“The girl.”

The car is plastered in lumps of mud as the rear tires sling the sludge inside the wheel wells. The raucous sound thunks and beats like a body is towed behind us. “Who is she?” he asks in a tone that’s drawn and deducing. I glance out of the window as the smear of trees fly by, but none of images look anything like trees.

I lift a shoulder, skeptical of my own answer. “She’s the girl I met at the diner—”



We speed pass the underbelly of the dissipated bridge as Rich grips the wheel and shakes his head like he’s conflicted with something. “You know the diner’s closed?”

“No… it’s not.”

He darts his assured eyes briefly to me, still shaking his head. “It’s been shut down for about seven years now. I think Keria and I were probably one of their last customers.”

“No… Rich,” I refute and stare at him hard. “I just had a cheeseburger and home fries, talked to a guy about CCR and then she came in.”

“The girl? Mary Jane?”

I nod with no doubt that what I had just experienced was a one-hundred percent real, but as the outline of the diner comes into my view, there are no lights humming from within, no cars occupying the outside and no flicker or haunting neon glow from the sign that barely hangs above.

It’s abandoned, gutted and lifeless.

The second Rich throws the shifter into park I amble out, holding the door like a ballast. I find my voice and stammer out, “I… I was just in there.” I hear my sparing words echo across the deaden cracked parking lot, my disbelieving eyes rake over a half boarded-up window like someone tried to crawl back inside it’s darkness. Back into the sanctuary it once held, to the air and haunting comfort of something I can’t grasp. “What’s going on, Rich?”

Rich stands next to me, staring at the same jilted, empty diner I am and says, “I don’t know, but we’re going to find out.”

I turn to him as the blood flushes from my face, I’ve been in situations before that would have most grown men piss their damn pants. But right now, I’m finding that in this unusual position I can’t even formulate a cognitive thought. I drag my eyes away and glare at the ghastly dark and somberly hollow diner. It stands soundlessly glaring back at me.

The rain I had almost forgotten about lightly taps the edge of my cap reminding me it’s still present. I stifle any more questions from rushing out while Rich calls Keria.

Rich has been with Keria since college, they met here, in Deadwood. Unlike most couples who go out to dinner and a show on a typical weekend night they spend their time chasing the paranormal. Rich said he literally fell in love with her on their first date and since then they’ve been inseparable.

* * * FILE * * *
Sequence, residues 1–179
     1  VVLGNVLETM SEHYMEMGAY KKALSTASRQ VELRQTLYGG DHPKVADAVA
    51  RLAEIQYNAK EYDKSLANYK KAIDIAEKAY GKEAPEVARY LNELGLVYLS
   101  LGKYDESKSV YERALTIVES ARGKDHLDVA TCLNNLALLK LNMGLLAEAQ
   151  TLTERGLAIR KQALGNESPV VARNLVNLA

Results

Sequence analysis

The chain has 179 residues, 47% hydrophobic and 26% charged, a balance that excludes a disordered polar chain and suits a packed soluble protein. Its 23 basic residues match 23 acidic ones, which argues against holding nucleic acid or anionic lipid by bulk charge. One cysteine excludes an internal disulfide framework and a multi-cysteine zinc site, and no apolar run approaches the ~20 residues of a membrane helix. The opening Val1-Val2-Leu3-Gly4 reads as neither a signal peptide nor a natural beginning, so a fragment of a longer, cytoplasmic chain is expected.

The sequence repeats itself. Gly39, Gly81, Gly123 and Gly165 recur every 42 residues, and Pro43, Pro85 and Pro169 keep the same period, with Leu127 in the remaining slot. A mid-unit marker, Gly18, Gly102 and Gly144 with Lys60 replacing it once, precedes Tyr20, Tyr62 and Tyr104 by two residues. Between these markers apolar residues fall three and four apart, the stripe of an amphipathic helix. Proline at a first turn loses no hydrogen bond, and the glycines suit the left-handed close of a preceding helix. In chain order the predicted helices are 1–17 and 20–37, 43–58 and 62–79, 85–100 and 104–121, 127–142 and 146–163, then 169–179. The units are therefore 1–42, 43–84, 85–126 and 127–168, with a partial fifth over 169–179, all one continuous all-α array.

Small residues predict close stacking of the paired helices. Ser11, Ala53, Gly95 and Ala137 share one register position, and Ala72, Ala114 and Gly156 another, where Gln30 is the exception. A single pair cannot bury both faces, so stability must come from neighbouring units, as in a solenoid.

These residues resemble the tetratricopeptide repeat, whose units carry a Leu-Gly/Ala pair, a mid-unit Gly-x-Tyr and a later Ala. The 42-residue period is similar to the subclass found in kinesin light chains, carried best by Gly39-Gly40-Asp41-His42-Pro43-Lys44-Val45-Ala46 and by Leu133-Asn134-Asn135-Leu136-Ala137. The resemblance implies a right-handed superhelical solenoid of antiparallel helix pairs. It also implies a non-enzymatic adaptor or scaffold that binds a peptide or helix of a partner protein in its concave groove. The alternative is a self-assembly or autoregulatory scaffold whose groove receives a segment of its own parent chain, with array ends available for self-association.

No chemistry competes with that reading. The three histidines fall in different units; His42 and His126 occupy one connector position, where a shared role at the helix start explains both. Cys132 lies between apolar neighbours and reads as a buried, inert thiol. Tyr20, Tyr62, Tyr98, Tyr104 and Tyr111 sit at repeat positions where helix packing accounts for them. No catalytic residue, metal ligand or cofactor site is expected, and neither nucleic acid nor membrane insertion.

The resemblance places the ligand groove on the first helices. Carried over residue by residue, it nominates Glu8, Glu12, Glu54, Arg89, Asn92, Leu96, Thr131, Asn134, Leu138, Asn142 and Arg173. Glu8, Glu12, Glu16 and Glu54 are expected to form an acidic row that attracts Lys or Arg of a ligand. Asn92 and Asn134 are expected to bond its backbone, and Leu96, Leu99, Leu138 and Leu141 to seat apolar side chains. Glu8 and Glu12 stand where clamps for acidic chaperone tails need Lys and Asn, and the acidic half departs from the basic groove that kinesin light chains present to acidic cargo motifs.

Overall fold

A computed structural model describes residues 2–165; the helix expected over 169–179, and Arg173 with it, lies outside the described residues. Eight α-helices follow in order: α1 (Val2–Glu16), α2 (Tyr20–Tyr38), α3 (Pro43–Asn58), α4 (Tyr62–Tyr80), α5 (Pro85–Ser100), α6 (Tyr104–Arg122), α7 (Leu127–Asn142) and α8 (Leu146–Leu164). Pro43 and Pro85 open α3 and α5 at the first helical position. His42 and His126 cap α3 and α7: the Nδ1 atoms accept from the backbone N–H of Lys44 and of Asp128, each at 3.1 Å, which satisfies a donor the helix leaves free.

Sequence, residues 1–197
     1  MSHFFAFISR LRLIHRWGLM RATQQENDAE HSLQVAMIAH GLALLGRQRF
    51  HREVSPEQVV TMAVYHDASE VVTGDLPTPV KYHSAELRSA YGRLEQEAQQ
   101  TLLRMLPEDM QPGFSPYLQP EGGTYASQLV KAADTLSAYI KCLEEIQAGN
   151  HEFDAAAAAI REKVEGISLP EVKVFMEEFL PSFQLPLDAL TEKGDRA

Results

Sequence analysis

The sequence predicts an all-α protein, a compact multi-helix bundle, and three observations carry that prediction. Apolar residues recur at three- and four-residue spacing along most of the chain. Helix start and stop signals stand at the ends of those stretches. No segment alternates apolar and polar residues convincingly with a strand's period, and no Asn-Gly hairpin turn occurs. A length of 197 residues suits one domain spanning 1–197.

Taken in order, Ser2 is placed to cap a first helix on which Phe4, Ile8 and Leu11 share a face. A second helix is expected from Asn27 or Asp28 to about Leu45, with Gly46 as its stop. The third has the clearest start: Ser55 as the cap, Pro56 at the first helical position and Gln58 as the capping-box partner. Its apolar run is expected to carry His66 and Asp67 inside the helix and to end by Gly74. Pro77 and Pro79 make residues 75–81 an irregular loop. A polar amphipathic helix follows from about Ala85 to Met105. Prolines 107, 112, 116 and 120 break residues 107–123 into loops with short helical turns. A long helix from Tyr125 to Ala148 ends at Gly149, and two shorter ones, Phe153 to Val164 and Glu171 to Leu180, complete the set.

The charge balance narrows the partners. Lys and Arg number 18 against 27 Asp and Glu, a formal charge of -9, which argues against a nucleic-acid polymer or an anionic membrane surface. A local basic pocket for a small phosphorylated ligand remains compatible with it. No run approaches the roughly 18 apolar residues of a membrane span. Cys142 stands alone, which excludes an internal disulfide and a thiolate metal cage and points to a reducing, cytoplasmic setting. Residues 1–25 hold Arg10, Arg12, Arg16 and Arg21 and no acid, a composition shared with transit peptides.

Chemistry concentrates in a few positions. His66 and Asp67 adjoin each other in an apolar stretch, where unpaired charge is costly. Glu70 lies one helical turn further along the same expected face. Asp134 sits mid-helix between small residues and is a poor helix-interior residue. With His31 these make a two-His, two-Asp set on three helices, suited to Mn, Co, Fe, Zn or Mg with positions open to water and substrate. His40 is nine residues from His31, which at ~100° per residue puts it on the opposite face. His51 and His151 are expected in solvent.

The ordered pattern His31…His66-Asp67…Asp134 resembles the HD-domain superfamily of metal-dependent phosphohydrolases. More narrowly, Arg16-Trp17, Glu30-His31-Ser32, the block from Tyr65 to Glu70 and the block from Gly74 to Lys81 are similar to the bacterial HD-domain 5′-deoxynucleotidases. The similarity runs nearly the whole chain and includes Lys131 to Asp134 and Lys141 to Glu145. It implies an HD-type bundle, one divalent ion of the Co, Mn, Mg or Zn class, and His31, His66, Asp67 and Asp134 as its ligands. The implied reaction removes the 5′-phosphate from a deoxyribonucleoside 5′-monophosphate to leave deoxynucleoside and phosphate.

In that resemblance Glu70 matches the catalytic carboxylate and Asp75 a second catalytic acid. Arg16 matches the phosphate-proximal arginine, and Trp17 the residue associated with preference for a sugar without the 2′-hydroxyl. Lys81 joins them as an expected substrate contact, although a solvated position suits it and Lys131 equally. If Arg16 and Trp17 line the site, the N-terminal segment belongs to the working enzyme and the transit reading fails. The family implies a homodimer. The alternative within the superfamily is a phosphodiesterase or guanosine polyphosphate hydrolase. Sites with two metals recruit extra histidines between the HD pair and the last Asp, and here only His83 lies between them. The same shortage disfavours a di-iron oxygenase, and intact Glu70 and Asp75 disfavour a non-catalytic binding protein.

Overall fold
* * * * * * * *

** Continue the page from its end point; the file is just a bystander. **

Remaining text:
“Hey, yeah we’re fine. No, we’re on Highway 13, yup just passed the bridge… I know…I know…” Rich mumbles as he walks around the car while he talks, inspecting the front, making sure there’s no visible signs we actually hit something. Eventually he stands running his other hand through his rumpled soaked hair. He nods at me once my eyes roam back and he gestures for us to get inside the car.

“Okay babe, here, I’m…” he chuckles as he grins slightly toward me. “I’m okay, he’s okay… now, I’m going to do intros real quick so we can figure out what’s going on here, Keria… this is Jason, Jason this is Keria.” He hits speaker on his cell phone and balances it carefully on the grey dash.

“Hi Jason…”

“It’s nice to meet you, Keria…” I answer and wonder what’s got Rich on a writing rampage. He quickly whips out a pen and notepad from the glove compartment and starts scribbling things down faster than my eyes can keep up.

He clears his throat and asks without looking up, “Tell Keria what Mary Jane looked like, we need our descriptions to correlate so that Keria can run a search through my data.”

I describe her down to every minute detail, from her tangled sun-streaked hair down to her mud covered bare feet. How her young and innocent expression seemed so real and yet so disjointed. I mention the color of her earthy green eyes and her smaller height simply because, I vividly remember us standing face to face on the highway. And how I had to lower my head to hers reassuring her everything was going to be okay…

But it’s not okay…

My stomach drops as I take in the deserted diner again, but my reminiscing is short-lived when Keria’s attentive voice announces, “I found something.”

To be continued…